Source: Public Domain Pictures/Pixabay + Dương Nhân/Pexels
Objectively, 2020 has been a pretty rough year. If we’re not battling a worldwide pandemic, we’re fighting each other over political and ideological views. The west coast of America is literally in flames. While it’s clear that these events have had a negative effect on our physical and mental health, we also need to consider how they are affecting our brains and changing our thinking. There’s an upside to this process. Understanding the physiological pathways involved in bad decision-making grants us insight into our choices as well as tools for mitigating further damage from 2020.
1. Inflammation takes healthy thinking offline
Inflammation has become a term with a wide variety of uses. In medical conversations, it specifically refers to a type of immune response where certain cells and pathways are activated. This type of inflammation is thought to be at the root of most chronic illnesses today. Elevated inflammation has been connected with poor mental health and may increase the risk of depression. But we now know that inflammation may also compromise our thinking, leading us to make more impulsive choices. This is critically important because inflammation is elevated by poor dietary choices, lack of exercise, and high levels of stress, all of which are unfortunately major themes in 2020.
What to do about it:
Luckily, there are many ways to combat brain-damaging inflammation. First, reduce exposure to foods like refined carbohydrates, processed meats, and fats from corn, soy and vegetable oils. Instead, choose colorful vegetables, crucifers, nuts, and other high-quality sources of protein and fat including cold-water fish like salmon, sardines, and mackerel. Getting a moderate amount of exercise also supports lower inflammation.
2. Elevated stress disables good decisions
If nothing else, 2020 is a year of stress and uncertainty. Our economic, educational, relationship and health security weakened and in some cases, collapsed. Elevated stress, like chronic inflammation, is known to increase the risk for multiple physical and mental health problems. Additionally, it also appears to damage our decision-making. Research has revealed that uncontrollable stress may take the prefrontal cortex—the part of the brain responsible for well-reasoned choices—offline, prompting us to act from our more impulsive limbic system. Without the prefrontal cortex to guide us, we may have more trouble regulating our emotions and considering the outcomes of our choices.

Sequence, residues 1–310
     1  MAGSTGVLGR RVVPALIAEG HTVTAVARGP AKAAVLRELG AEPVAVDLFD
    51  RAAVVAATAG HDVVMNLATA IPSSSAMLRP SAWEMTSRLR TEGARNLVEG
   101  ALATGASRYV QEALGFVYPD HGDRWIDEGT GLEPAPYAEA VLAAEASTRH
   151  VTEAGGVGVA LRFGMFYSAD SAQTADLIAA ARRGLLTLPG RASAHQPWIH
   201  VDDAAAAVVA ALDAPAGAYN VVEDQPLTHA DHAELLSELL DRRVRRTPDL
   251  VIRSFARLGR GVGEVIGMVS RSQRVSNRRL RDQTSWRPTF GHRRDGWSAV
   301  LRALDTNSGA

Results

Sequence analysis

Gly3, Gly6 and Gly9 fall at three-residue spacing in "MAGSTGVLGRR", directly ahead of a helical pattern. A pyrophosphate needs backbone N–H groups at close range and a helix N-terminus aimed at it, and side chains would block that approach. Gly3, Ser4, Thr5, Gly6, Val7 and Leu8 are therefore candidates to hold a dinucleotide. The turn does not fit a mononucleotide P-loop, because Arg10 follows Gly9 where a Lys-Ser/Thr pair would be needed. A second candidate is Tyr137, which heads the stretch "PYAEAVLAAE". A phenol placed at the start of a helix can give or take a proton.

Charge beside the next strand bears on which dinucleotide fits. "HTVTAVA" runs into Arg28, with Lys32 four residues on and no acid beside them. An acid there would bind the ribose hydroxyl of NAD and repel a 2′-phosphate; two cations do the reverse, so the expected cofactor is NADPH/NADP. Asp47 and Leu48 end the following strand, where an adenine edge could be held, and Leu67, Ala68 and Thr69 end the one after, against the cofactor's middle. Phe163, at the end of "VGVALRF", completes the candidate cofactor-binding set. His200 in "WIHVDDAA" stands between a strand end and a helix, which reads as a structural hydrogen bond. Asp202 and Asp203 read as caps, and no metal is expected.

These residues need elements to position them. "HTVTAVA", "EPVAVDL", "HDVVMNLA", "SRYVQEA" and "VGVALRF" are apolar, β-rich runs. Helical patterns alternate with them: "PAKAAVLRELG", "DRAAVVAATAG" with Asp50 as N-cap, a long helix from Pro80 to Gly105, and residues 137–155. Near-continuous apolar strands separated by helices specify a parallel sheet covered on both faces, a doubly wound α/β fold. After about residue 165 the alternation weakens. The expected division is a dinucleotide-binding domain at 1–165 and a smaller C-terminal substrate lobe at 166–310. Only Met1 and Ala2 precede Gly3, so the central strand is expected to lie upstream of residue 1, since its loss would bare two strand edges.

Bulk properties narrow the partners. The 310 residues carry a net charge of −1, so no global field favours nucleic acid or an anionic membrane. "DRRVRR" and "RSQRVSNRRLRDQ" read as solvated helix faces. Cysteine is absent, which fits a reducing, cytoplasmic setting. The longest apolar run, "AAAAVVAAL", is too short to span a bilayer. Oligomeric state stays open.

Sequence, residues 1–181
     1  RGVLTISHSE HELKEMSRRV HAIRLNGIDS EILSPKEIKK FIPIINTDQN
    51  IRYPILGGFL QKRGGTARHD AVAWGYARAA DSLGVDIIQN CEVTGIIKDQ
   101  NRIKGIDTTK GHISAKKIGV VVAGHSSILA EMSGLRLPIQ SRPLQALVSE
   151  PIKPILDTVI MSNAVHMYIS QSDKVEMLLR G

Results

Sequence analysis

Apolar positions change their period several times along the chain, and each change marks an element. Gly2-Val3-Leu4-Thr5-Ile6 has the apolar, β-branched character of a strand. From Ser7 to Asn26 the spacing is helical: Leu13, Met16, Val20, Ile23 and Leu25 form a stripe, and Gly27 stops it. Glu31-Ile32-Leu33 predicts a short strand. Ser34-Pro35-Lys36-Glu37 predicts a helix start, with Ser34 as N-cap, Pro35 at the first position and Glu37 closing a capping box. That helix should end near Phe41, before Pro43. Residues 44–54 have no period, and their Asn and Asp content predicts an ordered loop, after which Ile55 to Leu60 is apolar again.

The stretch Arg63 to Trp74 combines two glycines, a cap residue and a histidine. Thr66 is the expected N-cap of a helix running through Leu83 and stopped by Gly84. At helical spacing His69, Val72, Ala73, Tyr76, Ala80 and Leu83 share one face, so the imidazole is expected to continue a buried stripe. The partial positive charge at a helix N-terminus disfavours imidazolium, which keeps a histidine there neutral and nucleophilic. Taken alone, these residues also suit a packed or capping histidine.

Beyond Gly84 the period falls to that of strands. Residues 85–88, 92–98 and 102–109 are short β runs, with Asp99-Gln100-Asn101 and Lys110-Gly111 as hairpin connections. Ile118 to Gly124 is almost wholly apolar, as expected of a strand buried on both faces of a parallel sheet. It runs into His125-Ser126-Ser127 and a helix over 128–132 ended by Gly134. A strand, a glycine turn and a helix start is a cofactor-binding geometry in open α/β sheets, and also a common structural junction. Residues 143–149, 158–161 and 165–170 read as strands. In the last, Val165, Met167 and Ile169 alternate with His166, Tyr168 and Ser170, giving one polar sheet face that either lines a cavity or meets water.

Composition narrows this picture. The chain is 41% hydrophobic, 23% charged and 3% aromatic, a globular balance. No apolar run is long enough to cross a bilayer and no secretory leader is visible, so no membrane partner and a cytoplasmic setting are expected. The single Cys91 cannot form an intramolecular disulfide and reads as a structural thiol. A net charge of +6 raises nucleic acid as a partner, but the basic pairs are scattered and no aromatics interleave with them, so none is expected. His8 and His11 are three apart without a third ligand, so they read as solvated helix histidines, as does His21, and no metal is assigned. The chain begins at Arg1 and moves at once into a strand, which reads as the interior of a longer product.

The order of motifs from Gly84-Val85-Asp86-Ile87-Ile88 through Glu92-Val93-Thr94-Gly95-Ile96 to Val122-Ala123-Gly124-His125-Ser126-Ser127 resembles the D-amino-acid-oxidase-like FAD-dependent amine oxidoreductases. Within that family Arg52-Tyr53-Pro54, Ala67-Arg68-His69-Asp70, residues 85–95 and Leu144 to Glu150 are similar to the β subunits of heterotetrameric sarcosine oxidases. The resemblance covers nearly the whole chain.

What to do about it:
For most of us, stress isn’t going away completely anytime soon. That’s OK because we need some stress in our lives. Our goal should be to minimize unnecessary sources of stress in our lives whenever possible. This may mean turning off the news for a while or disengaging from the anxiety-inducing use of social media. We can also apply stress-reduction techniques including mindfulness, meditation, moderate exercise, and exposure to nature. Even something as simple as a potted plant in your home may help to offset the negative effects of stress. Finally, our interpersonal relationships can be a wonderful way to buffer stress. However, we need to be aware that not all social interactions are equally helpful. When we spend our time with others excessively focusing on the negative, it can actually backfire and rev up stress.
3. Air pollution hijacks our brains
We’ve known for some time that air pollution is bad for our lungs and hearts. But now we’ve begun to understand that the fine particles in the air we breathe are also impacting our brains for the worse. Tiny particles in polluted air can reach the brain and damage our neurons. They also influence our brains’ immune system, which may cause neuroinflammation and further detrimental effects on our cognition. Perhaps most concerning, recent research shows that air pollution appears to disable the healthy function of the prefrontal cortex. This may help explain why exposure to polluted air is associated with higher levels of impulsive and aggressive behavior. In light of the catastrophic wildfires of 2020, these types of effects could be significant.
What to do about it:
Air pollution may not be completely avoidable. Instead, we just need to do the best we can to avoid sustained exposure. If possible, avoid spending time outside when levels are high. Consider investing in a high-efficiency particulate (HEPA) filter. And especially if you’ve already had high exposure to air pollution this year, avoiding second-hand and wood-fire smoke helps lower the total pollutant load on your lungs, heart, and brain.
Putting it all together
2020 has been a difficult year. And at the time of this writing, it’s not even close to over. To successfully navigate whatever comes next, it’s imperative that we think as clearly as possible. We can do this by limiting the negative influences on our thinking and consciously applying the aforementioned techniques to improve our cognition.